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Arturo Sandoval’s concert approaches

By Salome Modebadze
Wednesday, March 6
On March 8 Tbilisi Concert Hall will host the Grammy and Emmy winning Arturo Sandoval as part of his world tour. The Cuban musician received his 9th Grammy on February 10 in Los Angeles for the album Dear Diz (Every Day I Think of You) dedicated to his mentor, Dizzy Gillespie. Born in Havana, Cuba, Sandoval was influenced by jazz legends Charlie Parker, Clifford Brown and Dizzy Gillespie, finally meeting Dizzy later in 1977.

Dear Diz is a tribute to Dizzy Gillespie, the mentor and friend who literally rescued him and his family from an oppressive existence and gave them a chance at an entirely new and better life.

Latin Jazz Network has dedicated a long article to Sandoval’s album calling Dear Diz “a collection of classics from Gillespie’s massive body of work, each framed in big-band arrangements that throw the spotlight squarely on the elements of bebop that underscore so much of the iconic trumpeter’s work and set the tone for the music of his era.”

The set opens with Gillespie’s voice, introducing a young Arturo Sandoval as “one of the young grand masters of the trumpet” during a live performance in the late ‘80s. What follows is a contemporary re-construction of Gillespie’s signature “Bebop,” arranged by 2012 Grammy-winner Gordon Goodwin. Goodwin, whom Field calls “The most interesting voice in contemporary big band writing,” is also responsible for the fiery arrangement of “Salt Peanuts!,” which features Bob Mintzer on tenor sax, Gary Burton on vibes and if you listen closely you’ll hear Sandoval friend Joe Pesci joining in the band vocal. “This is such a perfect example of Gordon’s genius,” says Field, “of his ability to take something that is so familiar to jazz musicians and fans and completely rework it.”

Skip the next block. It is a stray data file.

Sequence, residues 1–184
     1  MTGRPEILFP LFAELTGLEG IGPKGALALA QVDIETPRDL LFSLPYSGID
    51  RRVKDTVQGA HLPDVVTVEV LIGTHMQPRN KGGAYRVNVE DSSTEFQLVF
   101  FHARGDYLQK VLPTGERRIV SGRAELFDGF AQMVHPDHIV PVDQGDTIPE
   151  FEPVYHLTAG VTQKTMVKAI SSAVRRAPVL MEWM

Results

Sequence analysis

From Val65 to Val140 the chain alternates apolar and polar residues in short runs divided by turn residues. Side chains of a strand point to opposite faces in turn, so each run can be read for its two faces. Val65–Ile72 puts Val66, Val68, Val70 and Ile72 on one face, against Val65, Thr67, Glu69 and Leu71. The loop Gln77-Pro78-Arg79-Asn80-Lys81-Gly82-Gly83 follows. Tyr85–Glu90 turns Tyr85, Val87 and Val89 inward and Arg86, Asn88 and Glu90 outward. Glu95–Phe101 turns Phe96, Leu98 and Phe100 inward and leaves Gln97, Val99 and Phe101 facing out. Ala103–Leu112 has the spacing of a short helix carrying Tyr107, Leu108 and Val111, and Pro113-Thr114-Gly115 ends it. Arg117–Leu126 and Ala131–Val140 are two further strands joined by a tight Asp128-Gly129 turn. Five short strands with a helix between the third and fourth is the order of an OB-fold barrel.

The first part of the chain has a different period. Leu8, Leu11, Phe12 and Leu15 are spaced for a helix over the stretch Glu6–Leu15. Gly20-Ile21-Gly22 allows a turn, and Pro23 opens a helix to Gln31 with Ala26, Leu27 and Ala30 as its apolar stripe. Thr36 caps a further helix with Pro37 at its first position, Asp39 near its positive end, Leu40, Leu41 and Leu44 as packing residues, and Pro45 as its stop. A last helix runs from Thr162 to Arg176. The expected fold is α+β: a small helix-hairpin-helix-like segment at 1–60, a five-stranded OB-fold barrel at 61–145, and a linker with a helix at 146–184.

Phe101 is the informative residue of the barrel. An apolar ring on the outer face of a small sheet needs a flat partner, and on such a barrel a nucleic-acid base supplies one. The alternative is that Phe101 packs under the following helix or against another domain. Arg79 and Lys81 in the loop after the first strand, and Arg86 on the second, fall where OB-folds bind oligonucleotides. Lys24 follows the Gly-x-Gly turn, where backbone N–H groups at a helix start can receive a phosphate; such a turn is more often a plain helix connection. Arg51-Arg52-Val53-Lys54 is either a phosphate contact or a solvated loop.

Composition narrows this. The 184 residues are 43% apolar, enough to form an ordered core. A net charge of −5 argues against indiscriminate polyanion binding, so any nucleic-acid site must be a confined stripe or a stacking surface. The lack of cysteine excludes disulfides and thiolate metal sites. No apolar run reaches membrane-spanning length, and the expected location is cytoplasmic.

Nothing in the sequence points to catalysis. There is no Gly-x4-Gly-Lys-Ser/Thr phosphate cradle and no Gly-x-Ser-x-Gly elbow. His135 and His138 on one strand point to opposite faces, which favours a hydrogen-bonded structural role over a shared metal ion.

“When it comes to bebop, you either know it or you don’t,” Sandoval says. “There’s no halfway. If you’re going to be a good bebop player, you really need to be a hell of a musician with a lot of skill and a great education and a great command of your instrument. This is what Dizzy was all about. He wasn’t just a trumpet player. He was an innovator and a creator. That sense of innovation and creativity that he brought to every note he played is what inspires this recording and everyone who plays on it. In that sense, he’s still very much with all of us. I do think of Dizzy every day.”

In a couple of days the Cuban virtuoso will be performing his beautiful jazz tunes in the Georgian capital thus making Tbilisi the part of his jazz world.

Tagiss Art, the company that organized the concert, has hosted various interesting musicians in Tbilisi including Cape Verdean Cesaria Evora, Japanese pianist and composer HIROMI, the Gotan Project, flamenco dancer and choreographer Joaquin Cortes, French virtuoso accordion player Richard Galliano and other artists. The Messenger is pleased to be the media partner of Tagiss Art’s events and welcome Arturo Sandoval to the Georgian stage.

Tickets for the event are 20 GEL-100 GEL and available at Tbilisi Concert Hall Box Office and

For further information contact: 577-417996 / 593- 314 313